It’s the first Monday back, and your teacher is asking people what they did over winter break. You sink in your seat, hoping that you’ll slide under the radar, but to no avail. You’re called on. You flush and stutter and say something about doing your homework, while other kids snicker with their cinnamon-colored tans.

Don’t be that guy (or girl).

There are a lot of fun ways to spend midwinter break, and they don’t have to involve empty wallets or plane tickets. School breaks are a good time to try new things that you’ve always wanted to try without having to worry about getting all of your homework done or studying for tests – you can save that for Sunday night.

1. Ice skating. In a conversation with a friend of mine, I was shocked to realize that she’d never been ice skating. Now that I think about it, I can’t even remember the last time I went. A copy of the open skate schedule for the Northtown Center can be found on the website for the Town of Amherst (, with ticket and rental prices ranging from $3 to $6. While the weather this winter hasn’t been particularly reliable, if temperatures stay as low as they’re supposed to, you can probably find a frozen pond somewhere – just make sure you chuck a rock at the ice first to ensure that you won’t be taking a swim.

2. Snow-tubing. As an avid skier, the best thing I can think of to do when the temperatures drop is to strap on my boots and hop on the lift. However, for those of you who have never tried skiing or snowboarding, it might not be the best choice for a spur-of-the-moment activity. Snow-tubing is an enjoyable activity that pretty much anybody can do. It doesn’t take a whole lot of skill, and a three-hour ticket is only $16 (or $12 if you happen to be under 42 inches) at Polarwave in Batavia ( or $15 for two hours at Colden Tubing Co. in Colden (

3. Sports games. Spectator sports can be extremely fun events, especially when they are at a high level. Tickets to professional games, however, can get pretty pricey. I would suggest the high-energy Bandits lacrosse games, but they don’t have any home games during February break. My solution, then, is college games. Whether you are an avid sports fan or just enjoy being in the crowd with your friends, college sports such as hockey and basketball don’t disappoint. Division I teams are scattered throughout the greater Buffalo area, and the chants and cheers led by a youthful crowd make any game an electrifying experience.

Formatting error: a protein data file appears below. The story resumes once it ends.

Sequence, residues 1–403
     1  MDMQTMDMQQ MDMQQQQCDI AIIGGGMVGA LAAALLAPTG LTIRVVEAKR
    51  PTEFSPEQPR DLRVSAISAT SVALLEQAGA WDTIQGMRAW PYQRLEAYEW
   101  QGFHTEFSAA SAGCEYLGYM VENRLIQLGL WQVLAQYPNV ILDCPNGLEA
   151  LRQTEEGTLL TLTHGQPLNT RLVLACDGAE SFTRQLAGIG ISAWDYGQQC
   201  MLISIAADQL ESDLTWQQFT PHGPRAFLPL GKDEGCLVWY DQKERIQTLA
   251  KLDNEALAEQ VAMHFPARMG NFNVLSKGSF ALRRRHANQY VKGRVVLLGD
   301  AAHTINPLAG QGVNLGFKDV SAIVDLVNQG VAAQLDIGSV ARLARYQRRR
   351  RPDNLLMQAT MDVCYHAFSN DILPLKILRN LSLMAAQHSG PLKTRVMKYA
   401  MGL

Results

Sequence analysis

4. Volunteering. Many kids don’t think of doing work – and without pay, too – as a very glamorous prospect. What kind of break is it, after all, if you’re not getting a break? If you keep an open mind, though, volunteering can be fun, and a lot of schools require at least some service hours. There’s a certain pride that comes with knowing that you’re helping somebody, and staying positive makes the time fly. Bringing a friend along can make the experience even better, but if you don’t, chances are you’ll make one on the job. Food pantries and soup kitchens can usually use all the help they can get, and midwinter breaks are as good a time as any to lend a hand and chip away at required community service hours without the added daily stress of school.

It’s not difficult to find something fun to do if you put a little effort into it. Even simple things like trying out new restaurants or watching that movie that you’ve always wanted to see can reduce boredom and make you feel like you’re making use of your time. Time off from school is a rare blessing. Take advantage of it, because the next thing you know you’ll be trudging through the halls again, counting down the days until the next break.

Sarah Probst is a junior at Clarence High School.